Nico Hulkenberg Is Back, Unexpectedly

The Haas F1 shift to two veteran drivers makes sense, but the choice to hire the 35-year-old Hulkenberg is an odd one.

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Nico Hulkenberg never really left. Despite disappearing the full-time Formula 1 grid for the past three seasons, Hulkenberg has been a vocal and active member of the paddock since the day he joined Williams in 2010. That time in F1 has not been particularly successful, however; outside of a sensational pole on a drying Interlagos as a rookie, Hulkenberg has zero poles, podiums, and wins in his entire 13-year Formula 1 career. Nevertheless, at 35 years old, he is back in the series.

This is the sixth installment of our driver-by-driver preview of the 2023 Formula 1 season. This weekend, we will be covering Haas F1. You can find the rest of our previews here .

Hulkenberg spent the past three seasons as a reserve driver for what used to be his Force India team, making four spot starts for Racing Point and Aston Martin in those seasons. That kept him on the minds of team leaders throughout the back half of the Formula 1 field, which led to a shocking hire at Haas F1 late this year. Mick Schumacher's shot at an F1 career is over for now, but Hulkenberg's continues.

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Hulkenberg's time in cars starts all the way back in 2005, back when he debuted in Germany's Formula BMW. He won the GP2 (now Formula 2) championship on his 2009 debut, earning him a one-season shot at Williams. Despite his pole at Interlagos, he was dropped after the year and was consigned to a reserve role at Force India in 2011. That led to a one-season stint there before a shift to Sauber for another season, then three more at Force India. Renault poached him for three unsuccessful seasons from 2017 to 2019, then he returned to what was by that point Racing Point for his third stint with the team now known as Aston Martin F1.

Throughout all of that, he accomplished very little of note. He consistently scored points, enough to regularly float around tenth in the championship on middling teams, but he never secured any of the surprising podiums that made Sergio Perez such a noteworthy figure at the same Force India team. His best championship finish, seventh, came in his 2018 season at Renault.

His career highlight actually came away from Formula 1, during his surprise appearance at the 2015 24 Hours of Le Mans. As an active F1 driver, he joined Porsche's 919 program for a two-race schedule in their third car at Spa and Le Mans. Speed and good attrition fortune led Hulkenberg to an overall win at Le Mans alongside Nick Tandy and Earl Bamber, a rare feat for an active F1 driver later matched by Fernando Alonso in 2018.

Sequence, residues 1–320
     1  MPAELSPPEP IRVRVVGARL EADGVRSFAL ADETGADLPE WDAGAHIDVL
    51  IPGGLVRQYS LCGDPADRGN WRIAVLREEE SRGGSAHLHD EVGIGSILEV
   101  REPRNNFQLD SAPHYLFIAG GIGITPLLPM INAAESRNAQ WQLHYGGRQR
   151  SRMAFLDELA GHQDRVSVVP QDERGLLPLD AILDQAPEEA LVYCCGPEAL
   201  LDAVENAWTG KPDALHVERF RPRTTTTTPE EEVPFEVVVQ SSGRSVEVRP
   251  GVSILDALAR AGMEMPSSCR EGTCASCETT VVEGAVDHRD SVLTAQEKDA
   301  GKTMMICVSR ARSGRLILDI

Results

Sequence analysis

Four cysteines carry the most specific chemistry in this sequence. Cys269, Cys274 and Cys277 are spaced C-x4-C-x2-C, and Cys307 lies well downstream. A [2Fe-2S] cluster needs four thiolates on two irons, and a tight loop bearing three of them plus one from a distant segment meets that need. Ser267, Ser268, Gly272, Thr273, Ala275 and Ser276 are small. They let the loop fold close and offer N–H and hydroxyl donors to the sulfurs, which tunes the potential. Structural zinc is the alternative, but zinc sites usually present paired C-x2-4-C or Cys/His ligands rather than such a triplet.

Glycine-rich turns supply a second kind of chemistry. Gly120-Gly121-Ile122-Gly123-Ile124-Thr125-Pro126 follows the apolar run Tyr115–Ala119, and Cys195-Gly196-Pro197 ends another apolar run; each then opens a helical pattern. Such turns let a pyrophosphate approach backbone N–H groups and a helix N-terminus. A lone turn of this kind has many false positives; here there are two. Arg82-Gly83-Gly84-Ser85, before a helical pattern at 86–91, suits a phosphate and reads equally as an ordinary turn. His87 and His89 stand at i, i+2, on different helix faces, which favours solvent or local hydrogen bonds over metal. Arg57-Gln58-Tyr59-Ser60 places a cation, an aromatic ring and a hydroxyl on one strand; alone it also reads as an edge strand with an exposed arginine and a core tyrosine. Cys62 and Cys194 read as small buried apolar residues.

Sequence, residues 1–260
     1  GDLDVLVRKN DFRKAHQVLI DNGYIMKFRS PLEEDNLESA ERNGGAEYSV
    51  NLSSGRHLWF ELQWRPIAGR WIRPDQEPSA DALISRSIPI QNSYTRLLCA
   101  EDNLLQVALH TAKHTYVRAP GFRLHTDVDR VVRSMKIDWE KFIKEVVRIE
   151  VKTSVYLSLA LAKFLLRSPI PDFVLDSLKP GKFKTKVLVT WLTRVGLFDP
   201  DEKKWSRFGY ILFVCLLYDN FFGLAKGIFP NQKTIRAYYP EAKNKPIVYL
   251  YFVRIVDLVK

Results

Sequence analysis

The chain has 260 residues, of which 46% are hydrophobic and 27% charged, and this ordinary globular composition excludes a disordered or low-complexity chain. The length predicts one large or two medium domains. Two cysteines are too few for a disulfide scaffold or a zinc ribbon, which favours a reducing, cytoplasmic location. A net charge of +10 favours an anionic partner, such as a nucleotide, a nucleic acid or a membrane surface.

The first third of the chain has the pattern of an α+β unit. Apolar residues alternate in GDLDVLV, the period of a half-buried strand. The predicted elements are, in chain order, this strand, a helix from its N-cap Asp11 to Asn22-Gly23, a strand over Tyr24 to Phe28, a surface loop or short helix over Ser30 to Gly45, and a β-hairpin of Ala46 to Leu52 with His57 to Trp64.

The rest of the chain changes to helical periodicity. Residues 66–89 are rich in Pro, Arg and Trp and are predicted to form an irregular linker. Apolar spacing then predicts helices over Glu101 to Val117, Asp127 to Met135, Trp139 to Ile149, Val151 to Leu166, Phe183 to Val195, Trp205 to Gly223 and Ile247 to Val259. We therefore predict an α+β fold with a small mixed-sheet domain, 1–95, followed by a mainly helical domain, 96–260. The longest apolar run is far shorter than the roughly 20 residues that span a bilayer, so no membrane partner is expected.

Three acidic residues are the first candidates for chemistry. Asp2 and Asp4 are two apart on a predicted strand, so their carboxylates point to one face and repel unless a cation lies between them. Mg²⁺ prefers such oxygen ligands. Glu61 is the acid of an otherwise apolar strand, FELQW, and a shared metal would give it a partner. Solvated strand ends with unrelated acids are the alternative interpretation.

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Nico Hulkenberg spent 2022 as he had spent 2020 and 2021, in a reserve role for the team owned by Lawrence Stroll. He made two appearances in relief of Sebastian Vettel to open the season, finishing 17th and 12th for Aston Martin in those events. It was uneventful at best, but it was apparently enough to draw interest from Haas F1 leadership.

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Although he is a veteran driver in his own right, Hulkenberg has far less time in the new-for-2022 rule set than his teammate Kevin Magnussen. Both are relatively old drivers who are unlikely to bolt for a bigger and better team any time soon, so they are their own barometers for the other's success. Strangely, the two have the same exact best-ever moment in F1: surprise poles in wet qualifying at Interlagos in relatively bad cars, more than a decade apart.

Given that Haas is expected to fight among the back half of the mid-pack again next season, any goals for Hulkenberg will be set against either Magnussen or other teams with similar expectations like Alfa Romeo and Williams. He should be looking for points whenever possible and should not either hold his teammate from scoring points or be held back by his teammate.

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If Hulkenberg can come anywhere near what Magnussen accomplished last season, or what he consistently accomplished at more successful Force India and Renault teams, his 2023 will be a success. That is a big ask for anyone, given how consistently Magnussen out-performed expectations in the opening races of last season.

The more realistic goal will be to do enough to justify his spot with the team and keep his job for the next season. Magnussen not only did that, his performance convinced the team to look at another veteran and led the program to sign Hulkenberg in the first place. It is an achievable goal, and if Hulkenberg can continue to race in Formula 1 at 36 without a career podium, his long career will continue to be a relative success.

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